We’ve all played your basic match-three puzzle game before. In a world full of Snood, Bejeweled and Hexic copycats, the puzzle genre suffers from a lack of cleverness. Often these big name publishers forget to capitalize on what truly makes a game enjoyable: creativity, innovation and honest fun. Those things are the elements on which independent game developers thrive. It allows them to create fantastic, unique titles that continue to define what a game is and keep the foundation in tact for the overall growth of the industry.
Ivan Trayko’s Chains is a title that takes the match-three puzzle genre and puts an entirely new spin on the concept. By far the most entertaining game I’ve reviewed to date for Test Freaks, I had difficulty closing the program so I could write this review. The design is simple, it’s straightforward, and it’s utterly clever; ingredients that develop it into a stellar title that gives you a fantastic experience playing a tried-and-true puzzle platform in an all new and fresh setting. Addictive. Fun. Awesome.
Chains is a puzzle game with a unique feel and distinctive vector graphics style. The object of the game is simple – to link adjacent bubbles of the same color into chains. As you progress through the physics-driven stages it becomes increasingly more challenging and your speed, strategy and skill will be put to the test.
Demo only includes the first five levels. For just $9.95 you can get the full version of the game with 20 levels, more music, art and hours of fun.
20 levels each focusing on action, strategy or flow
· Physics-driven gameplay
· 3 difficulty modes
· Colorblind option
· Up to 15 player profiles
· Unique art direction with beautiful vector graphics
· Soundtrack from the Belgian electro band Silence
· Unlimited replayability value
Installation is simple on the PC – Nothing more to it than opening the .exe file and letting the little 16MB game install itself.
So what makes this title so unique from the bevy of match-three puzzlers out there? Plenty.
The name Chains is a great choice for the game, as everything relies on building chains of matching colored circles. It is a balance of physics, as the environment changes around your task, and strategy to do the required task for the level. The vector graphics are distinct and help you focus on what you’re doing, not be distracted by a game striving to be more graphically advanced than is necessary.
Each level has an entirely different goal. In the first level, you simply aim to clear 100 orbs, and it is set up as an introduction to playing the game. You remove orbs by dragging your cursor across three (or more) nearby colors and watch them vanish. In the second level, you have to eliminate 100 orbs without losing any (as the platform is a giant tipping scale). Others require you to keep a constant flow of orbs coming down a stream, balancing two sides of a scale without letting orbs drop, make a chain of a particular number of orbs, keep the level going without losing a piece, and so on. This variety gives the game tons of ingenuity and replay value. It doesn’t leave you stuck doing the same thing over and over with different time limits or on a shifting backdrop, like many match-three puzzlers. It is 20 unique levels, able to be played over and over again individually.
All the above ensures that you develop some sort of strategy for getting through each level, while having a speedy hand and eye to make it possible. Add to that the orbs come through all the levels in different sizes, and there is brain-work involved in keeping track of them all and working with them to meet your goal. Not only does all the above help the replay value, but there are multiple difficulty levels, and the game remembers your high scores and longest chain totals, letting you know when you beat them on future playthroughs.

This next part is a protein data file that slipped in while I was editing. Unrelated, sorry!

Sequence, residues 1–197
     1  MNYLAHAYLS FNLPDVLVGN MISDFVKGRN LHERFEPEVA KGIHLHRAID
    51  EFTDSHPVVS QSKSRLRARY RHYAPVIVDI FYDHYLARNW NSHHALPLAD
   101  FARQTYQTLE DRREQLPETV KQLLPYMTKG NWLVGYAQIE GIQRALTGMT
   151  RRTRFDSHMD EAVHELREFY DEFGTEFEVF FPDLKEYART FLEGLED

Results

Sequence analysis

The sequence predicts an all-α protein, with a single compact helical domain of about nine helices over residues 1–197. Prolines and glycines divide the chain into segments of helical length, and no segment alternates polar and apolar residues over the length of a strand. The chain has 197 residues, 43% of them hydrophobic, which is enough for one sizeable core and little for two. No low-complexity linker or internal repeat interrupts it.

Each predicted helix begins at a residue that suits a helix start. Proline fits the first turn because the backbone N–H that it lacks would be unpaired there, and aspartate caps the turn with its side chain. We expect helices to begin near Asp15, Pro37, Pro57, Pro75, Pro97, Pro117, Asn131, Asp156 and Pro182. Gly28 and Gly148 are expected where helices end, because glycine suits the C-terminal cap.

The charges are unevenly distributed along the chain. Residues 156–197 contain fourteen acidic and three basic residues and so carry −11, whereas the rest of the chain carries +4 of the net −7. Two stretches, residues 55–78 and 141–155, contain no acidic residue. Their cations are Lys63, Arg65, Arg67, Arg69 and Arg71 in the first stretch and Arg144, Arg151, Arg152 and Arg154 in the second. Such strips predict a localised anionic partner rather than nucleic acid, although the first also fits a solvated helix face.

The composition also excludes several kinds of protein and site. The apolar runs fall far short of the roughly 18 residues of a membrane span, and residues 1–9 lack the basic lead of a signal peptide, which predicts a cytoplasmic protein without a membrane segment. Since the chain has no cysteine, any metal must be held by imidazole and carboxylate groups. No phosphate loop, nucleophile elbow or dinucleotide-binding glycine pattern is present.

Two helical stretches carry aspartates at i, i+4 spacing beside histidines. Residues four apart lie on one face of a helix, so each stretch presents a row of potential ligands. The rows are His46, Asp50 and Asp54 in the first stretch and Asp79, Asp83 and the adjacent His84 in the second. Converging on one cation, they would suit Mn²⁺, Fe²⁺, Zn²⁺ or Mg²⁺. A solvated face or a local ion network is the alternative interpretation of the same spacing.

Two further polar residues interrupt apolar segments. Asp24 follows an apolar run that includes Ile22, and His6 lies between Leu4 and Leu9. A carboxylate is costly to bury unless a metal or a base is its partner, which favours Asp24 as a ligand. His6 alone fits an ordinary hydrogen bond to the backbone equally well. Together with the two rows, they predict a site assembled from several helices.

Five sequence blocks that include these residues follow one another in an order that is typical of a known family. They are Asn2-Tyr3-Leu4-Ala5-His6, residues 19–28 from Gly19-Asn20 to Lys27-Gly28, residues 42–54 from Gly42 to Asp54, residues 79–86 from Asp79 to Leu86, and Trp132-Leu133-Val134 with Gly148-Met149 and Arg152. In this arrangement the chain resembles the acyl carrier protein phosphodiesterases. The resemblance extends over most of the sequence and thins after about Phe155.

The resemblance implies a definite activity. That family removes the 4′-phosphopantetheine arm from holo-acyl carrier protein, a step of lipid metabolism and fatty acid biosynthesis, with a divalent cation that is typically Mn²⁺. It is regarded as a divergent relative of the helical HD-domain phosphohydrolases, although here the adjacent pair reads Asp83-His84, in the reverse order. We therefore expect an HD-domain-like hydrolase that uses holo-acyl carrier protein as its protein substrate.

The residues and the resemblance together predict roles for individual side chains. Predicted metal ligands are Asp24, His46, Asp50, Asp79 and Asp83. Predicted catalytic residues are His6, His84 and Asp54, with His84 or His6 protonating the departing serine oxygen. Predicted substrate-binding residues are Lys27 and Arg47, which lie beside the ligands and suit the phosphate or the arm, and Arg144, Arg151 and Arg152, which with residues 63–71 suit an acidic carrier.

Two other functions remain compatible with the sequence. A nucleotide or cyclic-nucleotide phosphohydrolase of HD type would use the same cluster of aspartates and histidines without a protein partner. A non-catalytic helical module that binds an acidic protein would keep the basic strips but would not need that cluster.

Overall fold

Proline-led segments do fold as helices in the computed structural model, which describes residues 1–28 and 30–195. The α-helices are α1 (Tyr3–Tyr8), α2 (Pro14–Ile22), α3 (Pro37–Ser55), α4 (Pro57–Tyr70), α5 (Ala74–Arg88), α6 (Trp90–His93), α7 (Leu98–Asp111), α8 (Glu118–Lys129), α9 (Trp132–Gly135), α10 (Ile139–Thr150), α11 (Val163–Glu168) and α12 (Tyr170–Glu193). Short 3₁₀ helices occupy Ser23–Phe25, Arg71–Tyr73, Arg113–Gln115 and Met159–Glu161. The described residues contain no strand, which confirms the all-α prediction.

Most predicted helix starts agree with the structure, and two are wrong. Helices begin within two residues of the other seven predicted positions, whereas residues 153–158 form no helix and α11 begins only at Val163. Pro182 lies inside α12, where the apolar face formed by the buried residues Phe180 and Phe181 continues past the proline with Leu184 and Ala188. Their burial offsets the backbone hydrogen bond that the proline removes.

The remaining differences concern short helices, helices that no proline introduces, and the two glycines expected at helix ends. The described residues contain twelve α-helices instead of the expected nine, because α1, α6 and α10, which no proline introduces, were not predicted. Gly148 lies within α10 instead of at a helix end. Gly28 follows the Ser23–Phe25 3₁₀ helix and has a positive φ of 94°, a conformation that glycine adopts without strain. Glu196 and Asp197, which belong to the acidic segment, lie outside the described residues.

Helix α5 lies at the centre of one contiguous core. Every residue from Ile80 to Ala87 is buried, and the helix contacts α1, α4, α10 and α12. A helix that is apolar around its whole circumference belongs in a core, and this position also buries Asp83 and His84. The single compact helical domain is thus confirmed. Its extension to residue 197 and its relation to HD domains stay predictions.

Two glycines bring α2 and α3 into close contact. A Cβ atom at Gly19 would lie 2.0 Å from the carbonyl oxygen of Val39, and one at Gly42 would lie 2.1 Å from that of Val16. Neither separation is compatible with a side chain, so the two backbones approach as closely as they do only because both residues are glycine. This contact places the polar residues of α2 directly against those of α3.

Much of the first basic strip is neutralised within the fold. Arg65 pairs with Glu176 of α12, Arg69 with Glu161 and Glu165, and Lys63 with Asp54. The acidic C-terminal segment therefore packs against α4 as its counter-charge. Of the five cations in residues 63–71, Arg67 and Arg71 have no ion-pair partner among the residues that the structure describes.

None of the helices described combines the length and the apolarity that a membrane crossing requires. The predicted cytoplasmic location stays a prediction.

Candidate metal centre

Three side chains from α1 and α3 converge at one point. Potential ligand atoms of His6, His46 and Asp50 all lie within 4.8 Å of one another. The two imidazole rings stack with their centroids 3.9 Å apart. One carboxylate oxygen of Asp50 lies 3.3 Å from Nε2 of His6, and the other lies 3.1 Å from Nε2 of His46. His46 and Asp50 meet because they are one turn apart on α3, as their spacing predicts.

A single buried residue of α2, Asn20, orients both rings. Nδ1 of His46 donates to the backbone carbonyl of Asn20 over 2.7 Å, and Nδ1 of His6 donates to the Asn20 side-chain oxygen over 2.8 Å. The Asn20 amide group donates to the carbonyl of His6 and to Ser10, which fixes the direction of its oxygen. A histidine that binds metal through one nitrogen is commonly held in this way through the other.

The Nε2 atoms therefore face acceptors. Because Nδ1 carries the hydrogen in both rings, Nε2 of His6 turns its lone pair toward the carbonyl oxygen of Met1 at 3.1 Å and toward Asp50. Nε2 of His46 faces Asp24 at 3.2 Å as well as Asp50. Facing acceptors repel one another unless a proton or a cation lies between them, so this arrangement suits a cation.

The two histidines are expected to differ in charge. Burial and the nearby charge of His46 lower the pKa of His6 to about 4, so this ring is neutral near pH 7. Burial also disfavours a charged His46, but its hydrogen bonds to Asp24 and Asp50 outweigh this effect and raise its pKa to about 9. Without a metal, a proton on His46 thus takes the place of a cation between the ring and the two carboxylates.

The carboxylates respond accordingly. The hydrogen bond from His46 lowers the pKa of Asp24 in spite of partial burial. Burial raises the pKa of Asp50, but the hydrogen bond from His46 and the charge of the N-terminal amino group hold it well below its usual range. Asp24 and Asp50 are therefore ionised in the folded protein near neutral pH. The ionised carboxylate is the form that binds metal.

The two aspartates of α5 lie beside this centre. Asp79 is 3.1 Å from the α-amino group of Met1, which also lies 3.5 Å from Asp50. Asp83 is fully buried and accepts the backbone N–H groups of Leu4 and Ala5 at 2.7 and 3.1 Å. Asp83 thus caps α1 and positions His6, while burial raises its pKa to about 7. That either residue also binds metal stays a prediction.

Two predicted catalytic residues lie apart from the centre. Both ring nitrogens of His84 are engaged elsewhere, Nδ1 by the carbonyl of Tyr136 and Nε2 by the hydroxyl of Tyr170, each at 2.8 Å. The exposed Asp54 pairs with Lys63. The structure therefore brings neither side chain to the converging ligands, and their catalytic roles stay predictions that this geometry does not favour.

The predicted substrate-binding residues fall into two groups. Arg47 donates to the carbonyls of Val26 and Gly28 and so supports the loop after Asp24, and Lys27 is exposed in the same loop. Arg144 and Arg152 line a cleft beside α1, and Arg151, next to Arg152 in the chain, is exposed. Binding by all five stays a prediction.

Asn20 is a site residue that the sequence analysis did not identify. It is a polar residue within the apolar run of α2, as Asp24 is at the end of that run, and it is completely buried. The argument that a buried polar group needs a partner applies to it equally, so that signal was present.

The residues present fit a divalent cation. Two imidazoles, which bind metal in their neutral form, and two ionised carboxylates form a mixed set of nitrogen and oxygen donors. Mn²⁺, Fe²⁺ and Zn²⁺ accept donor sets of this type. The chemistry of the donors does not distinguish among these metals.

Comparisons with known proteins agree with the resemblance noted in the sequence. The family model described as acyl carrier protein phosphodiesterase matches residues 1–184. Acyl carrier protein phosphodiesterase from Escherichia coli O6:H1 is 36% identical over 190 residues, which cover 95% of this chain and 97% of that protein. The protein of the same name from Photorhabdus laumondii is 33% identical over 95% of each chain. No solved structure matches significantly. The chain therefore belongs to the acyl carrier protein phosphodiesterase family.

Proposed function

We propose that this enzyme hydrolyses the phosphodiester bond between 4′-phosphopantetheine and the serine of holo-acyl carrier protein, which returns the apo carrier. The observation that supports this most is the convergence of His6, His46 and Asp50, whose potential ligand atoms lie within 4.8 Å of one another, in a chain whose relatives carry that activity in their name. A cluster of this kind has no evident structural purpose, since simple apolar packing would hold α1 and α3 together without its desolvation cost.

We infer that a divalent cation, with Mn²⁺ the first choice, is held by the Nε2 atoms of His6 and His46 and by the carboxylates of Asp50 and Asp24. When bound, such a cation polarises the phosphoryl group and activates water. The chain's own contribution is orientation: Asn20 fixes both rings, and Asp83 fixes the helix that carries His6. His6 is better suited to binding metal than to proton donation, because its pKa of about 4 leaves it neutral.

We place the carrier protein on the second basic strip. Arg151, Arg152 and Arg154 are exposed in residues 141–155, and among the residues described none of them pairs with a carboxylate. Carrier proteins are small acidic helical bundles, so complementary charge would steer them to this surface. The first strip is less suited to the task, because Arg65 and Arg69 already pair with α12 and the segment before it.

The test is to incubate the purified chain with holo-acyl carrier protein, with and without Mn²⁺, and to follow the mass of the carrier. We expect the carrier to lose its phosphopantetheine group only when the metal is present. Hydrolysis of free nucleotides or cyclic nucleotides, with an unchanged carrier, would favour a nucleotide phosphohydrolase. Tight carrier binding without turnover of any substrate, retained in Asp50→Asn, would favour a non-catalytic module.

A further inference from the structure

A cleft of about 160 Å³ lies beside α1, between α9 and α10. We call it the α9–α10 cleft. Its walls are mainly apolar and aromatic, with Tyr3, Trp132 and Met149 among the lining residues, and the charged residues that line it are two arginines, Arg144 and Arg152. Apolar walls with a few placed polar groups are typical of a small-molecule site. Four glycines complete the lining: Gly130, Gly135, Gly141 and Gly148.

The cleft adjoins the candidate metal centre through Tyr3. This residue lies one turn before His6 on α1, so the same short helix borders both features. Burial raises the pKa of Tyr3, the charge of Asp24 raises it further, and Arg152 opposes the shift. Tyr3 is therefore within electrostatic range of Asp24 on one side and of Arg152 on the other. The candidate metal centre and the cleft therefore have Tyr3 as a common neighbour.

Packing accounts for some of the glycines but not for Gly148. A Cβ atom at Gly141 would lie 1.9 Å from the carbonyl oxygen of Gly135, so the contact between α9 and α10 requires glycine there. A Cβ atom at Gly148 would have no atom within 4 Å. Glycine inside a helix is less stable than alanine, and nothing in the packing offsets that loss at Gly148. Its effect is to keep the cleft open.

Again, the graphics are barebones. They are only what is fundamentally necessary for each level. There is a background of varying weirdness, the contraption your orbs will be working with, and then the orbs themselves. Personally I love it. The text is old-school 8-bit font that speaks well to the overall appeal. The only problem with the text is that since many backgrounds change colors, occasionally the instruction text that pops up at the beginning of each level with your goal will get a little lost in the image behind.
The controls are pretty good. A simple drag selects the orbs, and if you have three or more when you let go, they go too. If you build a chain and decide you don’t like it before you ‘submit’ it, you can right-click and undo what you’ve created. That is, of course, only useful if you are in a level where time is not an issue.
The sound in this game is another great part of the experience and is better than you’ll often find in an independent title. It really adds value to the product. A Belgian band called “Silence” provided the soundtrack and their music is of the Euro electro variety. Most of the songs are fantastic and very fitting for the pace of the game.
The only real negative about Chains could be the length. It is 20 levels, but some go by real fast. Once you get real good at the game, I’d imagine they go by even faster. After a couple hours, you’ll have gone through all of them and will have to ramp up the difficulty or repeat play for new challenges.
Chains is a fantastic independent title that offers tons of variety, boasts great music and design, and gives players an all-new performance from a classic puzzle format. It does everything you want an indie game to do, and ultimately succeeds because it focuses on creativity and fun above all else.
Very original gameplay
Every level is something different
Graphics, while not a true con, will turn some people away.
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